September 17, 2010 9:58:00 AM
Editor''s note: Due to typing errors this letter, first published in Thursday''s Dispatch, contained omissions. We are reprinting it here in its corrected form.
I have been appalled by the number of reckless comments that have been attached to the story about Quintez Hodges'' appeal. Some comments border on the hysterical. Some may have been uttered in ignorance. I suspect that more than a few were the product of malice. The comments call for an immediate response.
To begin with, nowhere in Judge Mills'' opinion does it say that anyone "lied." That''s because no one did. What he says is that the testimony, which was given by Jim Kitchens at the sentencing hearing of Quintez Hodges, was "false." There is a great difference between giving false testimony and lying under oath.
I may genuinely believe what I remember to be true, raise my right hand, swear to tell the truth, and testify "falsely." That''s not lying. That''s human. No one who is reading this right now can assert that they''ve never made a similar mistake. That''s what, and all, Jim Kitchens did. He was testifying to events that had occurred at Hodges'' guilty plea to a burglary charge some two to three years previous. Usually there there''s a transcript made of those guilty pleas, something you can hold in your hand and actually read. Unfortunately, the transcript of that guilty pleas wasn''t prepared until some six months after Jim Kitchens testified. Consequently, he couldn''t read it to refresh his memory.
What transpired was this: I gave Jim Kitchens, who was an Assistant District Attorney at the time, the files on Quintez Hodges. Hodges had multiple charges, but he was only pleading to one. I asked him to do the guilty plea as I was tied up in a trial in another courtroom and couldn''t do it myself. I felt very strongly about the case, believing Hodges to be dangerous; and I wanted him in the penitentiary if possible. On the way to the courthouse, Jim ran into Scott Rogillio, another Assistant District Attorney, and together they went into the courtroom and handled the plea.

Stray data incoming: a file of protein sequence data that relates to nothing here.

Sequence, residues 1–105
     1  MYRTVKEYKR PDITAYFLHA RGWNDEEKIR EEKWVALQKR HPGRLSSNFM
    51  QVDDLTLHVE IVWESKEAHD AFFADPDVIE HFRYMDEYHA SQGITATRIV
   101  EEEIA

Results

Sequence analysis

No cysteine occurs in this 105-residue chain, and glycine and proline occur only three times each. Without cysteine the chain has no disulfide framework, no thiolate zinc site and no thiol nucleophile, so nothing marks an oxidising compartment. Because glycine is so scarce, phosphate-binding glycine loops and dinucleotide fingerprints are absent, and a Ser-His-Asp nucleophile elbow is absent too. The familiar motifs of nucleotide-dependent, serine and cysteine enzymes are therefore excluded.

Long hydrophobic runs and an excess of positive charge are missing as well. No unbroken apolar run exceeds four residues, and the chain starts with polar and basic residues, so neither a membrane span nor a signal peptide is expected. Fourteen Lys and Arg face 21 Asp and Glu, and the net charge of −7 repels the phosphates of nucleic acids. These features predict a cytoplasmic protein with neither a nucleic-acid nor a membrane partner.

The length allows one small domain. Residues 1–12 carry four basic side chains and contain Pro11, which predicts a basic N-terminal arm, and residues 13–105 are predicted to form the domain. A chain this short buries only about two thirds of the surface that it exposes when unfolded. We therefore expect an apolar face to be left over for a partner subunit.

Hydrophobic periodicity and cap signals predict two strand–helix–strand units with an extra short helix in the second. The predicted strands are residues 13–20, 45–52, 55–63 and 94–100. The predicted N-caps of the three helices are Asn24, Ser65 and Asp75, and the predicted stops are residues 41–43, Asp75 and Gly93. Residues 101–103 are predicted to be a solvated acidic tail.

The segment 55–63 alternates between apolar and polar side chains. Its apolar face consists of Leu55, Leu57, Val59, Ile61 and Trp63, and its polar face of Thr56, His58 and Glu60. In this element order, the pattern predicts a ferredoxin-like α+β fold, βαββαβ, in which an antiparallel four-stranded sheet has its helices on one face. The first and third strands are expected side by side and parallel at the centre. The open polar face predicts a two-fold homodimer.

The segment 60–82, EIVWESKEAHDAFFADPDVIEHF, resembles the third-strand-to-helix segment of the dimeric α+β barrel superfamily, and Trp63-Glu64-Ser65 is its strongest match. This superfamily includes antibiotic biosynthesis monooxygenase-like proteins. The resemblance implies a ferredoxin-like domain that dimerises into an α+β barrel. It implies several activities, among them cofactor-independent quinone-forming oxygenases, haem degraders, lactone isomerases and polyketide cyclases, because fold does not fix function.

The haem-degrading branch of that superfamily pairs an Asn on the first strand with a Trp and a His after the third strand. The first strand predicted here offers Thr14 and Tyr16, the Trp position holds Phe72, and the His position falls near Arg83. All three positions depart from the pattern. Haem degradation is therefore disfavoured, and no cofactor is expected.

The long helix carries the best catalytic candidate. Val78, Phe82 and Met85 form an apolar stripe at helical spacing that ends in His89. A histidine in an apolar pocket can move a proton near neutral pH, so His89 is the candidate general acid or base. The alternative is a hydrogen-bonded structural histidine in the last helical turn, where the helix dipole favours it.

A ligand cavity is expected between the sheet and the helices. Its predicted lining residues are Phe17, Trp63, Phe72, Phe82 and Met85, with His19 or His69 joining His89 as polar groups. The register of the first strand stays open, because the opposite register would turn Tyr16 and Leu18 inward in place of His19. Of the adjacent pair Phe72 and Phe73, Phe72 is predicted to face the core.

In the event, everything Jim Kitchens testified to was correct except he believed that he was the one who actually stood up in court and did the plea. The transcript shows that it was Scott; however they were both in the same courtroom and heard the same thing.
Mills'' other difficulty with Jim Kitchens'' testimony was that he testified to things that weren''t in the plea transcript. That''s not surprising. We don''t do everything on the record. Conferences with lawyers and witnesses are never on the record; and neither are conferences in chambers with the Judge. These were the very matters that Jim Kitchens was testifying to.
Mills'' opinion never said that I knowingly put on false testimony. I have never done so. Instead, he cited a federal case for the proposition that, and I quote directly from his opinion, "Prosecutors office is a single entity; knowledge of one ADA is attributable to others in the same office," and held that I "should have known" that Jim Kitchens was wrong.
How could I? I wasn''t in the Courtroom when Quintez Hodges plead guilty. There was no transcript for me to read either. I had to rely on the witnesses'' memory, like we do everyday in the courtroom.
On his appeal to the Mississippi Supreme Court, Hodges raised this very issue. If you''re interested, you can find it in Volume 912 of the Southern Reporter, 2nd Series on pages 749 et seq. They essentially found that there was no harm and no foul. If they had believed that any perjury had occurred, they would have immediately taken some action.
Judge Mills has now substituted his opinion for theirs. Why he has done so, I will not attempt to explain. When it comes to the Federal Courts, there are a lot of things I can''t explain.
So no, nobody has been charged with Perjury.
That''s because nobody lied.
Forrest Allgood, Columbus
Allgood is the district attorney for Lowndes, Clay, Oktibbeha and Noxubee counties.
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